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In last weekend’s final AUDL regular season game between the Jacksonville Cannons and the Atlanta Hustle, Jacksonville’s Andrew Carleton got ejected from the game ((Dusty Smith was the referee that ejected Carleton.)) for this bid into Atlanta’s Sean Sears (who was concussed on the play):
Yesterday, Bama Secs tweeted about the play, which brought it to the attention of the wider ultimate world:
Four minutes later, the Jacksonville Cannons responded, setting off a firestorm on Twitter, Reddit, and other social media sites:
Aside from being simply untrue (Sears clearly reached the disc first), the Cannons account seems to suggest that the play would be justified even if Carleton had reached the disc first. Under the AUDL rulebook, that is patently false: creating unavoidable heavy contact with an opponent is a foul. And if there is “immediate danger to the players involved,” it is a 20 yard penalty and a possible ejection.
The Cannons later retracted the claim that Carleton reached the disc first, but then issued an official statement on Facebook that seemed to again suggest that the play was clean, or at least justifiable. Here is the full text of the team’s statement:
The Jacksonville Cannons hold the safety of all participants, including but not limited to fans, staff, officials and players, as our number one priority.
All players are responsible for maintaining a safe disposition at all times.
During game play, when the disc is in the air, all players on the field have a right to possession.
The motion each player made was not unnatural to the play at hand. Both held their heads up, tracking the disc, eventually extending the closest arm to make a play on the disc. Both players made a direct line for the disc at all times and never at all attempted to create contact with the opposing player. There is no doubt contact occurred. It is clear that the contact is unintentional, as both players continue a direct line for the disc. The impact itself did not have any secondary emphasis to it, confirming neither player was intending to deliver a punishing blow of any sort.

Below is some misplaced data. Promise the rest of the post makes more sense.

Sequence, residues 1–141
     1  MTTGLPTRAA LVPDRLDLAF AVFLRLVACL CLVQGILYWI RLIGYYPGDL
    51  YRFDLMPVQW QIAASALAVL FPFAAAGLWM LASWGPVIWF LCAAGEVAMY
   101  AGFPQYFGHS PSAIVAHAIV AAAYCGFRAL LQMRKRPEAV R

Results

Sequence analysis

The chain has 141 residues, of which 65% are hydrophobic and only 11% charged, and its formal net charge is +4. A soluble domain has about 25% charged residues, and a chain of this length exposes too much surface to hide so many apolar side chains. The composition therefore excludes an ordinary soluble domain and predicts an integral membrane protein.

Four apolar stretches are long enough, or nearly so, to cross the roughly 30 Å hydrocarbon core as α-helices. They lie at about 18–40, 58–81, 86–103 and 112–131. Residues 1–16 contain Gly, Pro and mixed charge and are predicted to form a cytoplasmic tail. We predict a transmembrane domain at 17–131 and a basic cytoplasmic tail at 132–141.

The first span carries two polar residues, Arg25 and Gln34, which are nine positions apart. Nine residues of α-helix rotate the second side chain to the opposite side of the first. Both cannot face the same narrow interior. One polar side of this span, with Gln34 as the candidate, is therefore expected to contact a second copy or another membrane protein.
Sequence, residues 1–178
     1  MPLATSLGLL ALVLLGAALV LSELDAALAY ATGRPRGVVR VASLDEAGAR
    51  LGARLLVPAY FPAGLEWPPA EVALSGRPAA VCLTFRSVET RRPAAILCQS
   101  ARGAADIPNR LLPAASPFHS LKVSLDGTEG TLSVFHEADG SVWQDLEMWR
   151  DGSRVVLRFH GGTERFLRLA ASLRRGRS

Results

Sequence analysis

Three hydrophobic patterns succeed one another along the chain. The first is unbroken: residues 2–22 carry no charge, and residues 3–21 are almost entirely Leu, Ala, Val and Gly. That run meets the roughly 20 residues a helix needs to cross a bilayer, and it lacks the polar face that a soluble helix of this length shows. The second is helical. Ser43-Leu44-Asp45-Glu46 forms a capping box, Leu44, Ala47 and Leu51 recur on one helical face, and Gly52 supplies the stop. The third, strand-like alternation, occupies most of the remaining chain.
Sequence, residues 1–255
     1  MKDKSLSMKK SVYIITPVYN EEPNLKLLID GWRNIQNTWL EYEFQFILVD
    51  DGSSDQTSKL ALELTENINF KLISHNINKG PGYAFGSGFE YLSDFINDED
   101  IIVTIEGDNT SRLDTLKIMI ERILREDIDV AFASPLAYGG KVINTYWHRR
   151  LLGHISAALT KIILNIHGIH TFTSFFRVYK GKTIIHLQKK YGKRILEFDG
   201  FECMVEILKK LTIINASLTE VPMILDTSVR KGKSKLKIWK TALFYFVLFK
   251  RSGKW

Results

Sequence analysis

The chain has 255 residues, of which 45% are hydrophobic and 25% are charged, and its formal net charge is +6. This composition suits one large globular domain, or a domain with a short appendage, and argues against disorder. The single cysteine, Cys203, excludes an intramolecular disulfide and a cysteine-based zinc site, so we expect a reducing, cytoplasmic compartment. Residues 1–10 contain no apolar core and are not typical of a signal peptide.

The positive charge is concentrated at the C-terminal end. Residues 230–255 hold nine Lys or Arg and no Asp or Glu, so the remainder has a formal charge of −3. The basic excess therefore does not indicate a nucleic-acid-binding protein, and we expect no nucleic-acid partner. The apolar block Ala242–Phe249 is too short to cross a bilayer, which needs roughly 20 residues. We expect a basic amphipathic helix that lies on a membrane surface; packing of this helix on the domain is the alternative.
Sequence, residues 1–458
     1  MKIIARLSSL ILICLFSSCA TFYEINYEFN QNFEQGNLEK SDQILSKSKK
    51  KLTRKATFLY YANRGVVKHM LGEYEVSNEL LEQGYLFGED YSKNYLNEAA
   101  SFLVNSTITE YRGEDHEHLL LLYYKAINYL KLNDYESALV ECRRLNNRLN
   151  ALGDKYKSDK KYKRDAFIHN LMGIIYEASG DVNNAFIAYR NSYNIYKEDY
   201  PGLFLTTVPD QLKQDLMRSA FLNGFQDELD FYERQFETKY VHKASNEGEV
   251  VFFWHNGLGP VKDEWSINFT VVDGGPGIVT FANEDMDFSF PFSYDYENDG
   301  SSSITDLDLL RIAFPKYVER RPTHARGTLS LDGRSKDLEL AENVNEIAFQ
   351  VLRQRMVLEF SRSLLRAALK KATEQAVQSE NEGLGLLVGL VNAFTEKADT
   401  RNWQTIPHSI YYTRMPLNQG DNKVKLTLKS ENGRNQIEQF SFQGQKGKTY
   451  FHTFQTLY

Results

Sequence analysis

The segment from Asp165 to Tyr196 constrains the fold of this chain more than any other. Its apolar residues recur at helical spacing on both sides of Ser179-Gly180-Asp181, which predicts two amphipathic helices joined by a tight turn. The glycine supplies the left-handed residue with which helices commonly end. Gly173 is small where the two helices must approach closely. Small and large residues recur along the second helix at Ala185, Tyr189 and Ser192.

It is unfortunate that unintentional contact occurred.
Cannons #99 Andrew Carleton made a play on the disc and it was considered worthy of an ejection by the referee. While we disagree that the play was worthy of ejection, feeling he made a play on a free disc, we accept the call and consider it a closed matter.
Reaction from ultimate players and fans has been almost entirely negative. Here’s a sampling of Twitter responses:
“The league reviewed the play and we agreed with the referee’s decision to eject the player,” said the AUDL Director of Marketing Tim DeByl. “At the league level we capture video of every game, and will review instances of dangerous plays brought to our attention from players/coaches and even fans. We also track all ejections throughout the season. The league can suspend players or fine teams when it feels it is necessary.”
No fines or suspensions have been levied for Carleton’s bid. The only suspension this season was handed down to Jacksonville’s coach, Tuba Benson-Jaja. He made contact with a referee after last season’s playoff loss and was suspended for the season opener this year. Last year, a Nashville Nightwatch player was suspended for making an intentional dangerous bid.
After a request from Ultiworld, the AUDL declined to share the flagrant foul and ejection totals for the 2016 season.
Many online, including Dallas Roughnecks owner and Philadelphia Phoenix minority stakeholder Jim Gerencser, have called for fines or further sanctions on the team.
UPDATE (7/13): Jacksonville released another statement on their Facebook page this afternoon. Here is the full text:
Earlier today, we came out with a statement explaining our view of a play that occurred in our game against Atlanta this past weekend. From our understanding of the rules, we believed it was a legal play. Since, we’ve had discussions with AUDL Commissioner, Steve Gordon, and came away with a clearer understanding of the rules. As a result, we understand and accept the ruling on the field.
As we stated this morning, the Cannons hold the safety of everyone, especially the players, as of paramount importance and will continue to work with the league to ensure their safety.
Originally published at: http://ultiworld.com/2016/07/13/jacksonville-cannons-defend-dangerous-bid-take-heavy-criticism-social-media/